Current social issue and the role of social work in addressing it
The current issue to be discussed touches on the War Veterans returning home and not receiving proper mental health care due to a lack of mental health professionals serving the Armed Forces. In most cases, these war veterans are compelled to wait for a relatively long period before any medical attention can be advanced to them. There are even instances when false evaluation of medical records related to War Veterans. Lack of funding has worsened the situation bearing in mind that adequate monetary resources are required to cater to the emotional and psychological rehabilitation of the War Veterans coming back home. An urgent solution is needed so that the war veterans who are already mentally-ill do not find their way to mental health institutions and subsequent homelessness.
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To begin with, it is pertinent to mention that the state of psychological care that has been put in place for some decades now appears to be inadequate in attaining the needs of modern armed forces and their beneficiaries. Worse still, similar challenges may still be faced in the future if the current system of care is not transformed. The prevention and treatment of illnesses is s being given little priority as compared to the diagnosis and subsequent treatment of psychological trauma resulting from war experience. It is necessary to maximize resilience and enhance coping strategies.
There are several theoretical assumptions and insufficient manpower especially in regards to the provision of mental healthcare by social health workers. Resilience building among the affected war veterans and their immediate families has not been given serious concern. There are hundreds of soldiers who were affected by the war in Iraq even though most of them are yet to receive the much needed psychological care. How mental health care has been provided in the US among war veterans is still in question. Some individuals have been exposed to mixed episodes of violence. They equally deserve to be taken through the rehabilitation process by social healthcare workers.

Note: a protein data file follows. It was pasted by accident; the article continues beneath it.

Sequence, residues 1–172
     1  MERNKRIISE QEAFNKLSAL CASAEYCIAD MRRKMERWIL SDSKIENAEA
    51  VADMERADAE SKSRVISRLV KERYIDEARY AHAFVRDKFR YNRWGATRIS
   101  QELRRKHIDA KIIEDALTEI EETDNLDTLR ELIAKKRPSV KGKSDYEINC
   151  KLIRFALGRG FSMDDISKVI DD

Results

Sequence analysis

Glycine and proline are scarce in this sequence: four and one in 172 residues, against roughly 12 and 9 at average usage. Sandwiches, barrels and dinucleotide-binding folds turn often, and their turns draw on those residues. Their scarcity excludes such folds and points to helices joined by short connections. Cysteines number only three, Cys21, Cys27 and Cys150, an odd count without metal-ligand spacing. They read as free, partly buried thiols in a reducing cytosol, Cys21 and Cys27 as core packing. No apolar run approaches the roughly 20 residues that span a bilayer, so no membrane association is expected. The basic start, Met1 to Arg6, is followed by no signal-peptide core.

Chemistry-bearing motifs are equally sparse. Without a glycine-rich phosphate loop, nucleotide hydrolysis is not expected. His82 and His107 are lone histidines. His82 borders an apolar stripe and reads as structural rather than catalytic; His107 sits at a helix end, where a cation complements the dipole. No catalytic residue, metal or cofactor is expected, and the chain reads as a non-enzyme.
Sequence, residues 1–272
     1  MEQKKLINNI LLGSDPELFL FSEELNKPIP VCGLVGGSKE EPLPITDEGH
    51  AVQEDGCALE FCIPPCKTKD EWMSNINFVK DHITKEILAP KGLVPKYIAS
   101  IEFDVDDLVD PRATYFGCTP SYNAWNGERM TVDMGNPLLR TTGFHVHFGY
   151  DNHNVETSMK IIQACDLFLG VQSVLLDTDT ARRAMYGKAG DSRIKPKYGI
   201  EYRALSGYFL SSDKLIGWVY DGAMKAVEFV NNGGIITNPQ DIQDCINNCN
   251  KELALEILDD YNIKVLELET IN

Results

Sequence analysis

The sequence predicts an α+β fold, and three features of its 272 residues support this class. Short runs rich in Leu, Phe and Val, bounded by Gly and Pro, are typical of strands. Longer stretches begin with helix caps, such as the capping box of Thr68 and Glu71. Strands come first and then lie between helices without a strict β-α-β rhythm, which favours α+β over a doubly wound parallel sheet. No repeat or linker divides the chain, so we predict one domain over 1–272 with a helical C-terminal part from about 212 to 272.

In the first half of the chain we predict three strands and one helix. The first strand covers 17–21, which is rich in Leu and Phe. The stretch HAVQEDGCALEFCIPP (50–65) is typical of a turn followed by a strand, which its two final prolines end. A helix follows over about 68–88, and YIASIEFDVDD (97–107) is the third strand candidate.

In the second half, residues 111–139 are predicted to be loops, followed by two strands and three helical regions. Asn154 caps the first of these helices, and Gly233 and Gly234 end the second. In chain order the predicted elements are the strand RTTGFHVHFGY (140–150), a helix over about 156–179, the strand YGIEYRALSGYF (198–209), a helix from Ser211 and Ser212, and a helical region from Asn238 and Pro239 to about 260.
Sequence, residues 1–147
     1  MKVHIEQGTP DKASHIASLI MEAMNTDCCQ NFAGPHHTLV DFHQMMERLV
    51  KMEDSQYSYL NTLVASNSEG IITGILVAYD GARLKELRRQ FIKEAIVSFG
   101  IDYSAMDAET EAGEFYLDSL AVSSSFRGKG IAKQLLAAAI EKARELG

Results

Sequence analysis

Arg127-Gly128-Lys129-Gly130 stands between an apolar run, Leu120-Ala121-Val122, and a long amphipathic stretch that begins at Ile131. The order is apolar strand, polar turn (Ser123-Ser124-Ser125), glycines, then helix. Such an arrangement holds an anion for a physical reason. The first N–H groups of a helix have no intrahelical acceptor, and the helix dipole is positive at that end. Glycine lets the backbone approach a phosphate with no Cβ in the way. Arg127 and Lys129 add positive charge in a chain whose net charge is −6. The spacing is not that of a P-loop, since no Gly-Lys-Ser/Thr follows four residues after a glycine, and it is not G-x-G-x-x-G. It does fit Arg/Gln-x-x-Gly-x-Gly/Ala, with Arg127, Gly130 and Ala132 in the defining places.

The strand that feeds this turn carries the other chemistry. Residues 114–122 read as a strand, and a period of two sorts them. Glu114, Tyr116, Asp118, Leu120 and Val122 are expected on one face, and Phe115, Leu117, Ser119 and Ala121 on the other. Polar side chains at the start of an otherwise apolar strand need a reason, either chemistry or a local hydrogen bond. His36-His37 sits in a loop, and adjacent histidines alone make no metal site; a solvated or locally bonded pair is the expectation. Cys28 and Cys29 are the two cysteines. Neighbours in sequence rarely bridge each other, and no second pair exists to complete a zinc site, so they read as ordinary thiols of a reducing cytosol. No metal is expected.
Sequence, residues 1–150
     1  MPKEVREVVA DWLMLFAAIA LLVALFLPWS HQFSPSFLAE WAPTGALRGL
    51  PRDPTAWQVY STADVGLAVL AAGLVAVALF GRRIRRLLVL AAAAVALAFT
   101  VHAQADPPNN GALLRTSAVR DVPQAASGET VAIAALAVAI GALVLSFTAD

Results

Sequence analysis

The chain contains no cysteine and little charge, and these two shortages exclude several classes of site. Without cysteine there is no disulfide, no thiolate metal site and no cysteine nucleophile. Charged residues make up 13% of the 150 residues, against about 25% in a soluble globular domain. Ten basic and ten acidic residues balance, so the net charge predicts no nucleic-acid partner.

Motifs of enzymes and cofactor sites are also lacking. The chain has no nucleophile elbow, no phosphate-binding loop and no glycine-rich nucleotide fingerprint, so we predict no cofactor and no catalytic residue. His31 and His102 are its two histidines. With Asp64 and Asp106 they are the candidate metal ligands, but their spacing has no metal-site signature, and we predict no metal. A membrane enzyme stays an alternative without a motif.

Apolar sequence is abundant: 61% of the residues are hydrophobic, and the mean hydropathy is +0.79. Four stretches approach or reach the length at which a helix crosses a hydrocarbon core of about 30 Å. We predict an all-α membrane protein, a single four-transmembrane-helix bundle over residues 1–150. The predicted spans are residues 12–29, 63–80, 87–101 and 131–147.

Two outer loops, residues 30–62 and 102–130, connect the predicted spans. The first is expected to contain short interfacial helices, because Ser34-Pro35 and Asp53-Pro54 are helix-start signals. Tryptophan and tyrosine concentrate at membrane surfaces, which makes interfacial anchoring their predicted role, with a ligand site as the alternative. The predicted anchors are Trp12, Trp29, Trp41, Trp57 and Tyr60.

One of the approaches adopted in the recent years in the management of medical needs of war veterans is the application of medical models. Social workers have been largely guided and trained to treat psychological challenges in the same way as other ailments. This model aims at reducing symptoms through dosed therapies. As much as this model may be productive in some respects, social health workers are supposed to embrace the bio-psychosocial framework. The latter makes it possible to build social work practice bearing in mind that each individual is treated more as a subject than an object.
Perhaps, most of the challenges have been directed towards social workers and their contribution towards dealing with war veterans undergoing post-traumatic stress disorder. Clients who have undergone traumatic events in life as well as the war veterans ought to be integrated into a health care system by social workers. This implies another form of viable medical model should be put in place so that survivors can be taken care of appropriately through effective treatment options. The most viable methods of inquiry ought to be put in place by social workers so that war veterans. The approaches to be adopted should be well aligned with the frameworks put in place by the public healthcare systems. When these war veterans are being provided with medical care, social health workers can still be at the forefront of assisting the recovering veterans in becoming useful people in their communities. For instance, most of them can be modeled into community leaders in various capacities.
Given the above arguments and challenges facing war veterans, it is fundamental for professionals in social work to come up with a task force that supports social work in researching and proposing solutions on how war veterans can be assisted. Professionals in this field should also make use of the social work organizations that exist n propagating for social work and public health frameworks that tackle the long term and recurrent needs of war veterans. The academic journal article authored by Wheeler and Bragin (2007) is quite categorical that war the best strategies should be used to reintegrate war veterans back to society especially after they undergo the recovery process. This journal article is very comprehensive regarding current issues surrounding war veterans as well as the most likely solutions that can be adopted. This will enable the social work professionals to measures that are test specific so that the war veterans who have been negatively impacted by both traumatic brain injury and stress disorders can be assisted.
Finally, as an Army veteran, I would like to equip myself with the right training and education of becoming a Clinical Social Worker. My goal is to join the fight on providing mental health care for our traumatized veterans and their family. This university has the right program to help me reach my goals of serving those who served. The curriculum of the MSW program from this university offers a trauma-informed resiliency framework that will help me take my career in the right direction.
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Wheeler, D. P., & Bragin, M. (2007). Bringing It All Back Home: Social Work and the Challenge of Returning Veterans. Health & Social Work, 32(4), 297-300.